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College crush

"College crush" Continued...

Issue: "The Obama era," Feb. 14, 2009

Q: But who controls the certification tests? For example, in literature you could have the Modern Language Association in charge . . .

And that's the problem. When you have certifications being taken for employers, there's no problem because if the tests are not predictive of high performance in that field, the employers aren't going to use them. Let's say you have certifications in English Lit and you're being sent to law school. Law schools want kids who have precision in verbal expression, they want kids able to deal with complex text. If the MLA is sending them a Maya Angelou touchy-feely thing, they may behave like employers, and say: We want to know about English Lit.

Q: How many fields have certifying exams now?

You have certification tests for building inspectors. There are lots of tests for technical specialties-for example, when you go get your blood tested, there is a specialty that takes about a year and a half or two years that the person who's sticking that needle in you has gone through. There's a certification test for brain surgeons. And you don't have to think in terms of multiple choice and bubbles: Both brain surgeons and master cabinetmakers are often judged on work samples. You can overcome the deficiencies of tests. The techniques are out there. It's not a technological problem.

What the colleges have to say is, "There is a world of the mind out there that we want to impart to students, and here's the problem: It is tough." Not everybody can read and understand Nicomachean Ethics, not everybody is capable of the rigor and verbal expression that's necessary to write a good term paper about it. It's tough. It's difficult material that a small percentage of the population is intellectually equipped to do.

Q: I hear you saying that if high schools are doing what they should, the time from age 18 on becomes the time for students who are intellectually gifted to delve into intellectual questions. For others we say, "It's time to learn something that will help you make some money."

And not only that. We must get over the idea that this choice is a second-class choice. I disagree with Aristotle-I don't think the life of the philosopher is intrinsically better than the life of those who take other routes in life. So you aren't asking the kids to settle for second best. What you're doing is recasting the goal of education so it no longer is, "get the B.A." The goal is to bring young people to adulthood with their having discovered things they enjoy doing and that they know how to do well. It is generically the same process for everyone: In every profession, you start out as an apprentice. If you become competent, you are a journeyman. If you get really good at it, you become a master craftsman. That has been true of me in my profession, it is true of you, it's true of the long-haul truck driver, it's true of the carpenter-we all go through the same trajectory. And you want to treat post-secondary education as being that process for everyone. The kid who's studying philosophy is an apprentice, and so is the kid who's studying to become an electrician. They're both doing things that, because of their different configurations and personalities, are right for them.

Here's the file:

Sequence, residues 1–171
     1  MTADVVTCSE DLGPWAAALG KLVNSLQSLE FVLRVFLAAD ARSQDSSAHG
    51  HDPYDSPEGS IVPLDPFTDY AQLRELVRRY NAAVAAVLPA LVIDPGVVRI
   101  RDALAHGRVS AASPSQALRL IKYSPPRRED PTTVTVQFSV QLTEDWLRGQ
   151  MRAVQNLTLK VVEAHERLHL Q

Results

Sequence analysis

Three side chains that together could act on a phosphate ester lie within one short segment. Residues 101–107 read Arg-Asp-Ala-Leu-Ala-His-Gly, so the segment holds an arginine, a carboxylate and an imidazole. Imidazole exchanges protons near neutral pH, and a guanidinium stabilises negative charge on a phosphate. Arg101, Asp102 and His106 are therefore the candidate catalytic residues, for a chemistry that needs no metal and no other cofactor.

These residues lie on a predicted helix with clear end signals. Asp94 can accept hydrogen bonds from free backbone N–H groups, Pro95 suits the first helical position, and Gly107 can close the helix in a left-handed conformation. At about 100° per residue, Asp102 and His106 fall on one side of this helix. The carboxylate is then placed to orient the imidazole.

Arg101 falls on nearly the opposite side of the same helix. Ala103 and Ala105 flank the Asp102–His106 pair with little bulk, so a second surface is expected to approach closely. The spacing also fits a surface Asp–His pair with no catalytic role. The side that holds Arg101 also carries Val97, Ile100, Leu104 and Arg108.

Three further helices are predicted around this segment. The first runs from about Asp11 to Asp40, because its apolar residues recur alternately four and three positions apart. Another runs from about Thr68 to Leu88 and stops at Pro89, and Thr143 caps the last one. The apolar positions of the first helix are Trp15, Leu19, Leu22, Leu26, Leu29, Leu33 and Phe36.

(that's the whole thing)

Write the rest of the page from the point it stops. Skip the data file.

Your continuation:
Q: What does it take for those occupations no longer to be considered second class?

It takes the upper-middle class to quit playing the pernicious role it plays. Upper-middle-class parents, when it comes to shopping for education for their children, act like drugged-up pop stars on Rodeo Drive. They buy by brand name, they don't check the quality of the product, they pay outrageous premiums, and they don't bother to check later to see if the product was actually delivered. I see no signs of that cracking. I do not know of middle-class parents who cheerfully say "that sounds good" when their son says what he really wants is to be in the merchant marine.

Q: So is the place to crack this Microsoft, or do we need novelists and poets to make fun of the Rodeo Drive mentality?

That would help. But it also helps to have a lot of rich people outside of the entertainment business who don't have college degrees. Bill Gates, Steve Jobs-throughout the software and computer hardware industries there are lots of millionaires who have IQs of 145 and never got a college degree. So you want lots and lots of those folks, but you also want to get them into other fields. Right now, if you go to the CEOs and the top people in big corporations, they in fact almost all have B.A.s, and oftentimes M.B.A.s. It would be really nice if we had the ability to get a certification for business administration. You start getting senior executives in corporations who just get the certification and don't have the B.A. You need to have visible examples, because not only will they be role models, but they will be talking differently to their children about what they need to do.

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